The makers were criticised for using rape as a tool to push the story forward and make it an important part of Sansa’s character development.

Some publications called it 'artistically unnecessary', and a popular feminist zine, The Mary Sue, stopped covering the show altogether in protest. The makers defended their choice, stating that the show depicts the best and worst of humanity, with this being the worst of it.

In 2014, George RR Martin addressed the show’s obsession with sexual violence. In an interview with The New York Times, he said: “Rape and sexual violence have been a part of every war ever fought, from the ancient Sumerians to our present day.” But why are the victims always mute?

A fan analysed the number of rapes depicted in the series versus in the books. There were 50 in the series (at that point in time), and 214 in the book. But the only women who talk about their rape are the villains – just two women in the book. The nameless women are nowhere to be seen, let alone heard.

If men’s stories need sexual violence to depict the harsh reality of life – where, incidentally, the victims disappear after the act – why is the thought of killing one’s perpetrator wrong?

Badru is a victim of domestic violence. Hamza threatens her, controls her whereabouts, and physically abuses her when she makes a mistake. He goes so far as to cause her miscarriage. But she cannot escape her marriage, even though her mother, Shamshu, knows of her situation, because divorce is not an option.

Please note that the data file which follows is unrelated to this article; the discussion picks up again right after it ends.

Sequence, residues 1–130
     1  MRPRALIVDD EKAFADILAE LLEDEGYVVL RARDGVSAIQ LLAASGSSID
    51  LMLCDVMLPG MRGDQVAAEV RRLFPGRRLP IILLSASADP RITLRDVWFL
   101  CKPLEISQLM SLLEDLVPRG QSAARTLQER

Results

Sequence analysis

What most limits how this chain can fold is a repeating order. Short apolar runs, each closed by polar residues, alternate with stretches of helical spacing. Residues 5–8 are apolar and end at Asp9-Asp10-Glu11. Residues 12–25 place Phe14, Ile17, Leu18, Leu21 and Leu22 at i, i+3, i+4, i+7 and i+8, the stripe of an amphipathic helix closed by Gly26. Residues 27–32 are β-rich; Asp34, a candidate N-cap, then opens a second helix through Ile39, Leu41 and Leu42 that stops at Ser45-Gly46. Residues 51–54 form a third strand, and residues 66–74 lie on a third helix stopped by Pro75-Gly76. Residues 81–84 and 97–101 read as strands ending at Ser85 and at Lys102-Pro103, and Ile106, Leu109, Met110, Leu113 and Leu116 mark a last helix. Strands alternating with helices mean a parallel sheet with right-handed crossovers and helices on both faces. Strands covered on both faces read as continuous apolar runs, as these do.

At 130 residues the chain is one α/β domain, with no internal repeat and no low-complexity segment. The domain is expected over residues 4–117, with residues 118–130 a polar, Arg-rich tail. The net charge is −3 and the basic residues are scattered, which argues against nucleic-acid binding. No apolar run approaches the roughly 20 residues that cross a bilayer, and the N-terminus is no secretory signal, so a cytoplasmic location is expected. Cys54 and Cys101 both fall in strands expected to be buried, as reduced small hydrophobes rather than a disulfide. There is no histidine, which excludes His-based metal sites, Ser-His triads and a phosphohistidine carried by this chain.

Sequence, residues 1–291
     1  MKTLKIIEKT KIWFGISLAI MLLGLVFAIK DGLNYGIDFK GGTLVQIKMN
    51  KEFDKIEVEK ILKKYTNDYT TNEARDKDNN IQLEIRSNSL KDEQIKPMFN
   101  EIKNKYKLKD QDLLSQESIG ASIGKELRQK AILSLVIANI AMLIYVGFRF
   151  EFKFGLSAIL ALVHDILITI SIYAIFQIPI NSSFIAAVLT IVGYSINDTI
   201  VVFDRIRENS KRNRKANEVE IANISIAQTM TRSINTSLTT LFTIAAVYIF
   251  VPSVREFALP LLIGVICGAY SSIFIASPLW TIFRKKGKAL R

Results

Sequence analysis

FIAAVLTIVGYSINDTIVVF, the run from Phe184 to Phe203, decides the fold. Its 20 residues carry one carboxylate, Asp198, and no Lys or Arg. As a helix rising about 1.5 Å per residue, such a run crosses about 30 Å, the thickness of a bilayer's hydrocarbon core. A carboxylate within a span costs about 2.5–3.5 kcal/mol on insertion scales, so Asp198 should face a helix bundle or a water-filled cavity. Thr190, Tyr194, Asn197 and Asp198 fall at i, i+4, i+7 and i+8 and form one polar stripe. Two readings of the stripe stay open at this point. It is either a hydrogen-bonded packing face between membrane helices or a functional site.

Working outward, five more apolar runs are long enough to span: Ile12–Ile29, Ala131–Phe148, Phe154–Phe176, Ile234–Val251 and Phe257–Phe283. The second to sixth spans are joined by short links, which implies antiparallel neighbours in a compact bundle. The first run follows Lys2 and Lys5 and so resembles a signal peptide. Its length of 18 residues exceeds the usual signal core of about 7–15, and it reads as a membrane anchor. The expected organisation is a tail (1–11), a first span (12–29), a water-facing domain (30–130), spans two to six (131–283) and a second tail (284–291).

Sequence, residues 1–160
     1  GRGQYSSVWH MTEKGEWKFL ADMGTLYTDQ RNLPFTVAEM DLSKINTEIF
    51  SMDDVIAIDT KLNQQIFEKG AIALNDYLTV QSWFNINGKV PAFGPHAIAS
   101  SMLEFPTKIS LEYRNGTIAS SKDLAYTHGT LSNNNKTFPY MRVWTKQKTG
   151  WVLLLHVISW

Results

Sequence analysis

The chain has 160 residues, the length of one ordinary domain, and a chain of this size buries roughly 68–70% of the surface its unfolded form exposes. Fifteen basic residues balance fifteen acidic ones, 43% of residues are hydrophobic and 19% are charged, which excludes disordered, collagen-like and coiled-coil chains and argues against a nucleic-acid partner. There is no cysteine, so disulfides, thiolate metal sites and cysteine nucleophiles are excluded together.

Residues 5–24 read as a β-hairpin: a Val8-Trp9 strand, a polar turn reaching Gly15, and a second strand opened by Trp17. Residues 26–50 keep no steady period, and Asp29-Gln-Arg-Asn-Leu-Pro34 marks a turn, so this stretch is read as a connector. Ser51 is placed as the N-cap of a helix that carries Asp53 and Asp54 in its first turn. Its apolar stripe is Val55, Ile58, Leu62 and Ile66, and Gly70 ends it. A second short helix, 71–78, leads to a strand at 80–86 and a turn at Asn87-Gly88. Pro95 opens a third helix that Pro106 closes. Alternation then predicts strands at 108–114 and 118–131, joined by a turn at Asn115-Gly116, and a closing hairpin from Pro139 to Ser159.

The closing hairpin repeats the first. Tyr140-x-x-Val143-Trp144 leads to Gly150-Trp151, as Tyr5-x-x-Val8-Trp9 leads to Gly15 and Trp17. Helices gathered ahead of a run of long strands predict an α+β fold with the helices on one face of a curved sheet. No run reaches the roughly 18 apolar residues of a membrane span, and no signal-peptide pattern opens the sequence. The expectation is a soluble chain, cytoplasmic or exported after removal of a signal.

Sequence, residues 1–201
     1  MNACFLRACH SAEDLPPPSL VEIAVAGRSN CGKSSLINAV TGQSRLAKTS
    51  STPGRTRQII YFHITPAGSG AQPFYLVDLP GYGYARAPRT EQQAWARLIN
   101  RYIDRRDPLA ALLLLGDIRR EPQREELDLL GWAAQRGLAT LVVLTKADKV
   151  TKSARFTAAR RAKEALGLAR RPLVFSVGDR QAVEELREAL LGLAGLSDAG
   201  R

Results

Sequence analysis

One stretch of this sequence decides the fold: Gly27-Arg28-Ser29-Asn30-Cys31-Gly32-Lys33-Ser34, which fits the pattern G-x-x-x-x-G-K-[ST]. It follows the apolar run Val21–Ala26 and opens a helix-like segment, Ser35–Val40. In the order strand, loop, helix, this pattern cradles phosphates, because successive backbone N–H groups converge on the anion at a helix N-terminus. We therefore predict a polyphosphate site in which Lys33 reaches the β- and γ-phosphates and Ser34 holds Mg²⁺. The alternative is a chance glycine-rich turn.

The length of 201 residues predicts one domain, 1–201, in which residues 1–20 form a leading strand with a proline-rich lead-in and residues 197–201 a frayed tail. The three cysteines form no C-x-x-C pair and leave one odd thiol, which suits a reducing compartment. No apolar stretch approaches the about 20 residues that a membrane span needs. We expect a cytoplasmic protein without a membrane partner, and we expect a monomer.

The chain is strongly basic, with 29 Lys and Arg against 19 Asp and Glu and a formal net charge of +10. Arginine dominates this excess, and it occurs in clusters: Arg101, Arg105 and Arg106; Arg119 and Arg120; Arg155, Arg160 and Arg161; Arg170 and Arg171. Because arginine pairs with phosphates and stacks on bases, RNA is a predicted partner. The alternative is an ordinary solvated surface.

As is depicted in Darlings, women like Badru cannot get out of these unfortunate situations because they are financially dependent on their husbands.

Many parents refuse to take their daughters in from the fear of divorce bringing shame to their family. Women like Badru are thus stuck in an infinite loop of trying to fix their husbands and bearing their wrath if they overstep.

What can a woman do when she has no way out of a damaging, life-threatening situation? She wishes to get rid of the source of the problem.

Darlings does the opposite of glorifying domestic violence – it shows us the stark reality of it. Women don’t always feel victimised; many of them even believe they will have fulfilling relationships, and consider the violence a hiccup in the marriage. And some even consider inflicting violence back, because it can be a natural reaction to living in a claustrophobic, controlling atmosphere.

Darlings showcases violence from the perspective of the victim, and finds moments of humour in it. It gives the victim the stage instead of making her disappear into the background and marking her existence with it.

Jasmeet K. Reen’s directorial debut has its flaws, but it is a film that will keep you on the edge of your seat. The instances of violence are visceral; any victim of sexual violence will concur. It depicts the complex nature of abuse and how it can be passed down from woman to woman, owing to the fact that it has been normalised. It takes a grim subject and infuses it with lightness. It refuses to show Badru as a mere victim; she is a whole, complete person despite what she went through.

It’s a great time to rewrite stories monopolised by men and lend them the female gaze.